By: Michael L. Moskowitz and Melissa A. Guseynov

We have reported many times on the judicial treatment of student loan dischargeability in bankruptcy. Last year we reported in detail on the January 2020 decision by Chief Bankruptcy Judge Cecilia Morris wherein she analyzed the treatment of student loan debt in bankruptcy under the “undue hardship” exception of section 523(a)(8) of the Bankruptcy Code. See article here. Chief Judge Morris determined that, based on the seminal Brunner test, a debtor with a gross annual income of $37,500 could discharge over $220,000 of student loan debt. In re Rosenberg, Case No. 18-09023 (Bankr. S.D.N.Y. Jan. 7, 2020). Last month, however, District Court Judge Philip M. Halpern overturned Judge Morris’ decision, finding that neither the debtor nor the lender were entitled to summary judgment. Rosenberg v. Educational Credit Management Corp., Case No. 20-cv-00688 (S.D.N.Y. Sept. 29, 2021). Read the full opinion here.

Section 523(a)(8) of the Bankruptcy Code prohibits a bankruptcy court from discharging student loan indebtedness “unless excepting such debt from discharge under this paragraph would impose an undue hardship on the debtor and the debtor’s dependents.”  11 U.S.C. § 523(a)(8). In the 1987 case, Brunner v. New York Higher Education Services, Corp., the Second Circuit gutted the undue hardship exception by requiring a three-part showing that: (i) debtor cannot maintain, based upon current income and expenses, a minimal standard of living if forced to repay the loans; (ii) additional circumstances exist indicating debtor’s affairs are likely to persist for a significant portion of the loan repayment term; and (iii) debtor has made good faith efforts to repay the loans.  Brunner, 831 F.2d 395 (2d Cir. 1987).

In Rosenberg, the debtor, a law school graduate, commenced an adversary proceeding against his student loan lender and subsequently sought summary judgment to declare this debt dischargeable. In granting summary judgment in favor of debtor, Chief Judge Morris noted the “harsh results” connected with Brunner are due to other courts’ incorrect interpretations of the case, which render it effectively impossible for most debtors to discharge student loans.  

On appeal to the District Court, Judge Halpern held that the Bankruptcy Court erroneously granted summary judgment in debtor’s favor, as he had failed to submit sufficient evidence to prove that repaying the debt would constitute undue hardship under each of Brunner’s three prongs. Specifically, under the first prong, the Court noted debtor “failed to show how he would be unable to pay the Student Loan under a repayment plan available to him and maintain a minimal standard of living.” Under the second prong, Judge Halpern noted debtor did not show additional circumstances indicating his financial circumstances would persist for a significant portion of the repayment period. Lastly, the Court concluded there was a “constellation of evidence” implying debtor’s “lack of good faith,” since he “placed himself in this predicament.” Thus, Judge Halpern concluded the Bankruptcy Court’s grant of summary judgment was inappropriate. The Court did not express an opinion as to whether the student loan was in fact dischargeable in bankruptcy.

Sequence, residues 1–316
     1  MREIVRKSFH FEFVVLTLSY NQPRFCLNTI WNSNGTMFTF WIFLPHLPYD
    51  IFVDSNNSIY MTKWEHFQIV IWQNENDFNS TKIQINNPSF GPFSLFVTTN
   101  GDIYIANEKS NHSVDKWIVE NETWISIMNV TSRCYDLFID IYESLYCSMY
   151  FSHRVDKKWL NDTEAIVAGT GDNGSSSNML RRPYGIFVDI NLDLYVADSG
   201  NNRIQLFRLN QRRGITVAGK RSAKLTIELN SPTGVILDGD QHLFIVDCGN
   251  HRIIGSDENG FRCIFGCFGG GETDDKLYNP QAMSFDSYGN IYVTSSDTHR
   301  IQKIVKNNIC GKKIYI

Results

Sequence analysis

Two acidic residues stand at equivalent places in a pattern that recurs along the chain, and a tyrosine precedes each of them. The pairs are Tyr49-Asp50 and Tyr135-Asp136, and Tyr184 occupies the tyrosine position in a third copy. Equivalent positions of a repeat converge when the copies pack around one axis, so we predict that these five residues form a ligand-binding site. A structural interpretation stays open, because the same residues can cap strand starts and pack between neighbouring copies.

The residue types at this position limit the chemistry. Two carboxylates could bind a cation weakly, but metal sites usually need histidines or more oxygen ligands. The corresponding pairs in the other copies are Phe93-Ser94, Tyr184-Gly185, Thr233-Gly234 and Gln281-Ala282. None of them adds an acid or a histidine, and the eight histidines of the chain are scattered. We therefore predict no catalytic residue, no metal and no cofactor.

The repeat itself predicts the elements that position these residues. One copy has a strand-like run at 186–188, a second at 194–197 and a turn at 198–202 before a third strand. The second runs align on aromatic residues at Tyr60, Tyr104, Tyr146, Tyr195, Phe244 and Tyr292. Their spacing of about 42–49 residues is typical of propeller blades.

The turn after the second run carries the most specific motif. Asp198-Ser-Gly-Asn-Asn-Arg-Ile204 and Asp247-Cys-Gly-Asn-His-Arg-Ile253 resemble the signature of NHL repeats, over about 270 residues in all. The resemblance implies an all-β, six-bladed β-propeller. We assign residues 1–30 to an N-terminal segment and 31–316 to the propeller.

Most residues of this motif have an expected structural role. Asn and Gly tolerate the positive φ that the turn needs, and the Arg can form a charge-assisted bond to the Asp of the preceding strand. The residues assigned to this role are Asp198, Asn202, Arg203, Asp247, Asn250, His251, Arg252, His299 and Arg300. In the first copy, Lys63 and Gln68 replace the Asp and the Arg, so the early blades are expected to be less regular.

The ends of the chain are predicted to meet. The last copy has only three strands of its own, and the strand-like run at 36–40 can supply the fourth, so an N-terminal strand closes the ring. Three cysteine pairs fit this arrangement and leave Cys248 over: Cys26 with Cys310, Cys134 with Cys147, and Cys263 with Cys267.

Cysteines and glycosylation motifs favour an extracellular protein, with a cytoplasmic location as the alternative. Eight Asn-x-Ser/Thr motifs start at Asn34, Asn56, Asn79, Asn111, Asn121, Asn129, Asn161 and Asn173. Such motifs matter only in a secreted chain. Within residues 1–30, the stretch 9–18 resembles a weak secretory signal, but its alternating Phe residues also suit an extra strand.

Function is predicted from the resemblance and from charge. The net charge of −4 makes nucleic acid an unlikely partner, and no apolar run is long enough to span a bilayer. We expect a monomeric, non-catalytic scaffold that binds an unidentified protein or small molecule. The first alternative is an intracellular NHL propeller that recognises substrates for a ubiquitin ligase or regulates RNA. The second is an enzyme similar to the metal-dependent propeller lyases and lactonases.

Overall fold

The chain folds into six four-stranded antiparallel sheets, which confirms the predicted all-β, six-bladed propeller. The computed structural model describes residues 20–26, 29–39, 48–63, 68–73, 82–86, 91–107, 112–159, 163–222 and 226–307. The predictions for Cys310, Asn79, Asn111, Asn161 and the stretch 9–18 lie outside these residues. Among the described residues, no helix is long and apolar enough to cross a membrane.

This case demonstrates that Brunner remains controversial to this day. We anticipate debtor will appeal this decision to the Second Circuit. In such event, the court will have the opportunity to review its Brunner decision, thirty-three years later.

Weltman & Moskowitz will continue to follow and report on the Rosenberg appeal and related cases. We will keep clients and colleagues informed of the developing impact to lenders and borrowers. Please feel free to call Weltman & Moskowitz with any bankruptcy questions or challenges you, your colleagues, or clients, may have.

Richard Weltman & Michael Moskowitz |

About Weltman & Moskowitz, LLP, A New York and New Jersey Business, Bankruptcy and Creditors’ Rights Law Firm:

Founded in 1987, Weltman & Moskowitz, LLP is a highly regarded business law firm concentrating on creditors’ rights, bankruptcy, foreclosure, and business litigation. Michael L. Moskowitz, a co-founder, focuses his practice on business and bankruptcy litigation, shareholder and partner disputes, business divorce, commercial dispute resolution, as well as a full range of creditor’s rights, foreclosure, adversary proceeding litigation, corporate counseling, M&A, and transactional matters. Michael can be reached at (212) 684-7800, (201) 794-7500 or Melissa Guseynov is an associate with the firm.  Melissa can be reached at